UBC Faculty Research and Publications

Intra-Cycle Elastic Nonlinearity of Nitrogen-Doped Carbon Nanotube/Polymer Nanocomposites under Medium Amplitude Oscillatory Shear (MAOS) Flow Kamkar, Milad; Sadeghi, Soheil; Arjmand, Mohammad; Aliabadian, Ehsan; Sundararaj, Uttandaraman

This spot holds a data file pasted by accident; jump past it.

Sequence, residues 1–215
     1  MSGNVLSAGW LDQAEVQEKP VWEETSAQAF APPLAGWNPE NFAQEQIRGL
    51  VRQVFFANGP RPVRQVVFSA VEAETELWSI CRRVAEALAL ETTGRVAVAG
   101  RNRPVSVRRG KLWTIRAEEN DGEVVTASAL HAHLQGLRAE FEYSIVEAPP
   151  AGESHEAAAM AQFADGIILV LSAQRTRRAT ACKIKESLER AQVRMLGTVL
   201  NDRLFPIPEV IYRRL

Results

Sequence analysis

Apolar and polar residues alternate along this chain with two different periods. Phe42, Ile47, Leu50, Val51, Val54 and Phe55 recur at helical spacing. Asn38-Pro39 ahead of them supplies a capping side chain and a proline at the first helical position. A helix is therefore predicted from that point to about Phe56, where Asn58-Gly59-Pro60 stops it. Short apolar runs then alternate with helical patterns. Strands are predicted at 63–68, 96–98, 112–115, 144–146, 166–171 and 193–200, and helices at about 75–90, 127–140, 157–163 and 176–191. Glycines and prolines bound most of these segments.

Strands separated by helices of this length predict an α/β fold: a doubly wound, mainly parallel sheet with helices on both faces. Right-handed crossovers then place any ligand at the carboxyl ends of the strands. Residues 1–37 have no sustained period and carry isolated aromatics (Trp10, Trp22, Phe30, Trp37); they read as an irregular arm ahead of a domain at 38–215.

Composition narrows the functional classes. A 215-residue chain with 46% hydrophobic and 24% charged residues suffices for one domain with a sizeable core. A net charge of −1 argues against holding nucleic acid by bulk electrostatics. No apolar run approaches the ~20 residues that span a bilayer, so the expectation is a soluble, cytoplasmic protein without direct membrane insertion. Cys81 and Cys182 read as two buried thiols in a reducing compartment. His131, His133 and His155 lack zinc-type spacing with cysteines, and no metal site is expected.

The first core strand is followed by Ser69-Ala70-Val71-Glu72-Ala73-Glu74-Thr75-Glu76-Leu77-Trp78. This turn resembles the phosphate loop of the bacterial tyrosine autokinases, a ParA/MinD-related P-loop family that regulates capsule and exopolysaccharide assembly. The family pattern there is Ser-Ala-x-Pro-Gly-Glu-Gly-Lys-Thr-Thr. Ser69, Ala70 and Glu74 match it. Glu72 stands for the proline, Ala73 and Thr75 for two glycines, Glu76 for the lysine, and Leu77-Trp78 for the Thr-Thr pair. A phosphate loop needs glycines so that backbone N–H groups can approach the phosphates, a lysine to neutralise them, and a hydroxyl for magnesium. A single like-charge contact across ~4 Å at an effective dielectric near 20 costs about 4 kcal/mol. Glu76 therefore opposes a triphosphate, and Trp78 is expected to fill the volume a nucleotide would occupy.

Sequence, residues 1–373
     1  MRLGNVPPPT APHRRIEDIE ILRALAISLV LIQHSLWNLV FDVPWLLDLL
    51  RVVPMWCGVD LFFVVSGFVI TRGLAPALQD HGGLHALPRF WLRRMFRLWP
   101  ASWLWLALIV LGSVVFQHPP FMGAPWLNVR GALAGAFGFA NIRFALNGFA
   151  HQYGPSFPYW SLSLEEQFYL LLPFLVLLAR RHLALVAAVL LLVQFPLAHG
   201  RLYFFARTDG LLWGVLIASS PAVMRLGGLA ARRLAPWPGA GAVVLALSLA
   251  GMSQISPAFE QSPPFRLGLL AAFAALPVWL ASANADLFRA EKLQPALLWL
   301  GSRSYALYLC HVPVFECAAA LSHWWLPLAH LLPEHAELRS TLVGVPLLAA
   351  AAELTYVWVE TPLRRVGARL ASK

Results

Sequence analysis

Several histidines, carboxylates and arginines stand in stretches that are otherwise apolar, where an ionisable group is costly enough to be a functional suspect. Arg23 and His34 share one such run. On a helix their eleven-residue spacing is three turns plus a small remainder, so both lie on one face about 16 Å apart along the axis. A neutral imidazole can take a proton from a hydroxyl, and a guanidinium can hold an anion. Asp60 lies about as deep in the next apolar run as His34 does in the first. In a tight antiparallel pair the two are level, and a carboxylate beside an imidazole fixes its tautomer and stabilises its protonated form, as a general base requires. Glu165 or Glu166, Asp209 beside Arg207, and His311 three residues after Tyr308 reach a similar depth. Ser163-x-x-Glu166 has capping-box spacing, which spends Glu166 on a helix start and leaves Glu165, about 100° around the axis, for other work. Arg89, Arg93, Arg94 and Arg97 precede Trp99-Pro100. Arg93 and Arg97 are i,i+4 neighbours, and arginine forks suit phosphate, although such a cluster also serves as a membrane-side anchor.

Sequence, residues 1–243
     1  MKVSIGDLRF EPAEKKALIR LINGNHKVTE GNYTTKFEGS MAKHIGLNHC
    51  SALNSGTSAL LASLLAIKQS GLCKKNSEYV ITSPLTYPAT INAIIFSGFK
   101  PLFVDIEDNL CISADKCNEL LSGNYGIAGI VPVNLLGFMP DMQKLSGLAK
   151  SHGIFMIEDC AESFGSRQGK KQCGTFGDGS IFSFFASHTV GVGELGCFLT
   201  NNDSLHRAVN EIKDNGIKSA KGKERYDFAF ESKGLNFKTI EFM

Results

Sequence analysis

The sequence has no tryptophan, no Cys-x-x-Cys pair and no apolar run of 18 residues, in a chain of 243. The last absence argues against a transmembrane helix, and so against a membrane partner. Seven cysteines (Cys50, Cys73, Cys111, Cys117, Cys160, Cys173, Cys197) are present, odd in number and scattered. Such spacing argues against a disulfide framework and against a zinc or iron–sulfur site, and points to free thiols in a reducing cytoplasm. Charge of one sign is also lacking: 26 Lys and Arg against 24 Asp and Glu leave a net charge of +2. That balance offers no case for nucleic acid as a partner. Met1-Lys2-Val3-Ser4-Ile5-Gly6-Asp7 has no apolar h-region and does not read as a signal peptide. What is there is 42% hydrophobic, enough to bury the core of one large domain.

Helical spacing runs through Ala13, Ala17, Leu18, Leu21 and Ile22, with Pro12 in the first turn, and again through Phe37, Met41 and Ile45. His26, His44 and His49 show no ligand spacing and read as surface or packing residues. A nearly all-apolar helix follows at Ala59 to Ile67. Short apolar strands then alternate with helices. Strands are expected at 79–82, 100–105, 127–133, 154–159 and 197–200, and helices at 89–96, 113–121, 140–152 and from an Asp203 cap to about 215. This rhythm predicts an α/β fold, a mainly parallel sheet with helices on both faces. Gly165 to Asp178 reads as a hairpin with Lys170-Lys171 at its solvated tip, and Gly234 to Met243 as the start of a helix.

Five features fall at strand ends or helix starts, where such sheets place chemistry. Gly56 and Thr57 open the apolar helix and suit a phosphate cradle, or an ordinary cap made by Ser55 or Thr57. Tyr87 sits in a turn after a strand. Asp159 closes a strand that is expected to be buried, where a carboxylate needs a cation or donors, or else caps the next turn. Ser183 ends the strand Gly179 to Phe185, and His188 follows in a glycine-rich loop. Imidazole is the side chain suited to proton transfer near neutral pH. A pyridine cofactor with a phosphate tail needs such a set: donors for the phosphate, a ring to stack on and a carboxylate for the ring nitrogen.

This study seeks to unravel the effect of carbon nanotube’s physical and chemical features on the final electrical and rheological properties of polymer nanocomposites thereof. Nitrogen-doped carbon nanotubes (N-CNTs) were synthesized over two different types of catalysts, i.e., Fe and Ni, employing chemical vapor deposition. Utilizing this technique, we were able to synthesize N-CNTs with significantly different structures. As a result, remarkable differences in the network structure of the nanotubes were observed upon mixing the N-CNTs in a polyvinylidene fluoride (PVDF) matrix, which, in turn, led to drastically different electrical and rheological properties. For instance, no enhancement in the electrical conductivity of poorly-dispersed (N-CNT)Ni/PVDF samples was observed even at high nanotube concentrations, whereas (N-CNT)Fe/PVDF nanocomposites exhibited an insulative behavior at 1.0 wt%, a semi-conductive behavior at 2.0 wt%, and a conductive behavior at 2.7 wt%. In terms of rheology, the most substantial differences in the viscoelastic behavior of the systems were distinguishable in the medium amplitude oscillatory shear (MAOS) region. The stress decomposition method combined with the evaluation of the elastic and viscous third-order Chebyshev coefficients revealed a strong intra-cycle elastic nonlinearity in the MAOS region for the poorly-dispersed systems in small frequencies; however, the well-dispersed systems showed no intra-cycle nonlinearity in the MAOS region. It was shown that the MAOS elastic nonlinearity of poorly-dispersed systems stems from the confinement of N-CNT domains between the rheometer’s plates for small gap sizes comparable with the size of the agglomerates. Moreover, the intra-cycle elastic nonlinearity of poorly-dispersed systems is frequency-dependent and vanished at higher frequencies. The correlation between the microstructure and viscoelastic properties under large shear deformations provides further guidance for the fabrication of high-performance 3D-printed electrically conductive nanocomposites with precisely controllable final properties for engineering applications.

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